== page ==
Women's History Month

Office of the Press Secretary

For Immediate Release March 1, 2000


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Last spring, three women astronauts paused during a shuttle mission to pay homage to the past. Thousands of miles into space, floating above the floor of the shuttle, they raised a women's suffrage banner and posed for a picture. Astronaut Ellen Ochoa, a participant in this special tribute and a member of the President's Commission on the Celebration of Women in American History, said, "We wanted to show how far women have come in this century and to honor the people who fought for our rights." Each year during the month of March, citizens across our country pause to honor the many heroes whose diligence and determination have helped to forge our Nation and enable people like Ellen Ochoa and her colleagues to soar so high.

Women's History Month is about highlighting the extraordinary achievements of women throughout our history, while recognizing the equally significant obstacles they had to overcome along the road to success. It is about the women who bravely donned uniforms and fought for our country. It is about the passion and vision of women educators like Mary McLeod Bethune, who, with only $1.50 in her pocket, founded a school for young black women. It is about the perseverance and pion-eering spirit of women like Margaret Chung, the first Chinese American woman physician, who supported herself through medical school by washing dishes and lecturing on China. It is about Alice Paul's fight for the vote and Elizabeth Wanamaker Peratrovich's campaign to end discrimination against Alaska Natives. It is about the writings of Zora Neale Hurston, the paintings of Georgia O'Keeffe, the leadership of labor organizer Dolores Huerta, and the trailblazing artistry of photographer Margaret Bourke-White. It is also about the millions of unsung women whose contributions have made life better for their families and their communities.

Inspired by the courageous pioneers who came before them, women today continue to shape our Nation's destiny. Last year, Air Force Lieutenant Colonel Eileen Collins became the first woman commander of a space shuttle mission. American violinists Sarah Chang, Pamela Frank, and Nadja Salerno-Sonnenberg were the first women to take home the prestigious Avery Fisher Prize in its 25-year history. And, in a game attended by the largest crowd of all time for a women's sporting event, the U.S. women's soccer team captured the World Cup. Today, 58 women hold seats in the U.S. House of Representatives, and 9 women are United States Senators. More women hold high-level positions in my Administration than in any other in history. And in the private sector, women own nearly 9 million small businesses, employing millions of Americans and contributing significantly to the strength of our economy.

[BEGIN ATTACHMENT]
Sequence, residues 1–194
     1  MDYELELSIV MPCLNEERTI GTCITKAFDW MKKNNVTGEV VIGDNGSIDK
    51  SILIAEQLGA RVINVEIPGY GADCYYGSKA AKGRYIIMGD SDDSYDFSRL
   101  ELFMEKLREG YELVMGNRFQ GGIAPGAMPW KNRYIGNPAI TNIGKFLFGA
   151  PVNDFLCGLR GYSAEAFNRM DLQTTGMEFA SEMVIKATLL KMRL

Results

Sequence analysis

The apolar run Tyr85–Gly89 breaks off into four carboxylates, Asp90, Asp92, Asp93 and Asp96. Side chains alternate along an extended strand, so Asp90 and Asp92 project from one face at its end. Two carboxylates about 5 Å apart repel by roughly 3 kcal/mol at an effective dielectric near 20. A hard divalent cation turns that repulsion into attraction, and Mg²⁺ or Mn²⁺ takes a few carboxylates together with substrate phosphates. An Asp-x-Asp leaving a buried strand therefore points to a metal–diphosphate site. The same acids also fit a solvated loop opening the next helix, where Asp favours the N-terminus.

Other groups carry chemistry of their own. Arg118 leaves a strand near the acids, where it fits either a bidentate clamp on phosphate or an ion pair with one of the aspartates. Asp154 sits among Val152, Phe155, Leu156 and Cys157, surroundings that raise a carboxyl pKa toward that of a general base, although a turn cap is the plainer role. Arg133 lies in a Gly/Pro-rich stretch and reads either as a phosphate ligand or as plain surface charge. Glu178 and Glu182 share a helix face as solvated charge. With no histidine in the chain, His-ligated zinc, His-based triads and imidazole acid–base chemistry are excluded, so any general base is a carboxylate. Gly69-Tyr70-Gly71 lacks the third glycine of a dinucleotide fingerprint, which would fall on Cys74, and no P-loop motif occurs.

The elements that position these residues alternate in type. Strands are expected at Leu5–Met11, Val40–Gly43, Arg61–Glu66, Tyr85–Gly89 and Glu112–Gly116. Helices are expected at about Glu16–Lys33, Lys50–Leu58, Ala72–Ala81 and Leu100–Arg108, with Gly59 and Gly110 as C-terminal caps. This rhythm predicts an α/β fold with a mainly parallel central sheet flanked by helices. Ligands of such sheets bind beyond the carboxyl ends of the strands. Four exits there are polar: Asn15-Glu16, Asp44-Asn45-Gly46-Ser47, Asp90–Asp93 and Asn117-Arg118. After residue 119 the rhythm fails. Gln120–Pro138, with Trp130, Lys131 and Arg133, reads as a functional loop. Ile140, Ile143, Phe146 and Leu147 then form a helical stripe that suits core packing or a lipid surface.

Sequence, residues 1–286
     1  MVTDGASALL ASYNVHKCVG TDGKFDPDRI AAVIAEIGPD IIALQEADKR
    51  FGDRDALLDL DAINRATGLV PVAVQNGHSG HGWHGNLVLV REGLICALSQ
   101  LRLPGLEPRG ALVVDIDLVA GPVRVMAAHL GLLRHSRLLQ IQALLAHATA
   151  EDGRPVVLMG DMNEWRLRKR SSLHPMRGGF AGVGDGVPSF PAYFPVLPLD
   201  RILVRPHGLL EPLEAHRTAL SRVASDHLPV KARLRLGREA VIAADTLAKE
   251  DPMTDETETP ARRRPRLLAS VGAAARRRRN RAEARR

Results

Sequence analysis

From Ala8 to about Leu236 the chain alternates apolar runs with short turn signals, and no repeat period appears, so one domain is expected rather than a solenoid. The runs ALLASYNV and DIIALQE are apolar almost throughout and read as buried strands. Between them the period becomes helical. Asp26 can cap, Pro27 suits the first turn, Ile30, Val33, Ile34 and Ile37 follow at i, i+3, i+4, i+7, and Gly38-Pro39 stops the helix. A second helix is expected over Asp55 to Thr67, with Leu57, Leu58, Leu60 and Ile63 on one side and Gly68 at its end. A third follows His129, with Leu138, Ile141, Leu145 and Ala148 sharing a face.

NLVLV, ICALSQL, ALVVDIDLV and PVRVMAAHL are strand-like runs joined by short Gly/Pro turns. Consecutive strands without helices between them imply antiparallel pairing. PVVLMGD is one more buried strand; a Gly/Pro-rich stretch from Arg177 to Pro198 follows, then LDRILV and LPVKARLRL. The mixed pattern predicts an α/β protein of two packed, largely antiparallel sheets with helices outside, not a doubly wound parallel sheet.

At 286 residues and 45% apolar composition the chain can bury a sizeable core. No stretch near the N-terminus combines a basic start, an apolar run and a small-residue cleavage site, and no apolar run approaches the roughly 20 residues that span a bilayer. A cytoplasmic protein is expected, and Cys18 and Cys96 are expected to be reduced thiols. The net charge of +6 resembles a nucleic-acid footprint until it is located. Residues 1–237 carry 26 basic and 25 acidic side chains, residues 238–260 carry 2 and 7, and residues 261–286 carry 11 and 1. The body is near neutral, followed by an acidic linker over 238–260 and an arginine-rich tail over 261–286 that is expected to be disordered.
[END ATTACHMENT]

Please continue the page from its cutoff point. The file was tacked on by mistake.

As we honor the past and celebrate the present, we must also focus on the future. Our choices today will have an enormous impact on the destiny of our daughters and grand-daughters, our sons and grandsons. We must rededicate ourselves to forging a society in which gender no longer predetermines a person's opportunities or station in life. We must shatter the glass ceiling; eradicate wage discrimination; and ensure that every American has the tools to meet both family and work responsibilities and to retire in security. By breaking down the remaining barriers and opening wide the doors of opportunity, we can make the future brighter for women and for all Americans.

NOW, THEREFORE, I, WILLIAM J. CLINTON, President of the United States of America, by virtue of the authority vested in me by the Constitution and laws of the United States, do hereby proclaim March 2000 as Women's History Month. I encourage all Americans to observe this month with appropriate programs, ceremonies, and activities, and to remember throughout the year the many contributions of courageous women who have made our Nation strong.

IN WITNESS WHEREOF, I have hereunto set my hand this twenty-ninth day of February, in the year of our Lord two thousand, and of the Independence of the United States of America the two hundred and twenty-fourth.


What's New - March 2000

Women's History Month 2000

The Minimum Wage: Increasing the Reward for Work

New Medicare Prescription Drug Benefit

Meeting with Religious Leaders

Women's History Month

New Public Private Initiative to reduce Weather Related Air Travel Delays

Gun Violence

Agreement with Smith & Wesson


Colorectal Cancer Awareness Month

American Red Cross Month

Prescription Drug Plan

U.S. – China WTO Accession Deal

Common Sense Gun Laws

Irish-American Heritage Month

Civilian Research and Development

Patient's Bill of Rights

Joint Statement by President Clinton and Prime Minister Tony Blair of the UK

Vaccines to Developing Countires

Human Genome Project

Information Age

Semi-Finalists for 2000-2001 White House Fellowships

President Clinton Urges Congress to Pass Budget

Congressional Budget Resolution

Save your Vision Week

St. Patrick's Day, 2000

Clinton/Gore actions to Enhance America's Energy Security

Social Security Trustees Report - March 30, 2000

Strengthen America's Energy Security

Report Shows Unprecedented Progress

Proclamation: Cancer Control Month, 2000

National Poison Prevention Week

Education and Sharing Day, U.S.A., 2000

Greek Independence Day

Proclamation: National Child Abuse Prevention Month, 2000

Statement by the President on NPT

Common Sense Gun Legislation

Raising the Minimum Wage

U.S. --China WTO Accession Deal

U.S.- China WTO Agreement

Enforcement of The U.S. - China WTO Accession Deal

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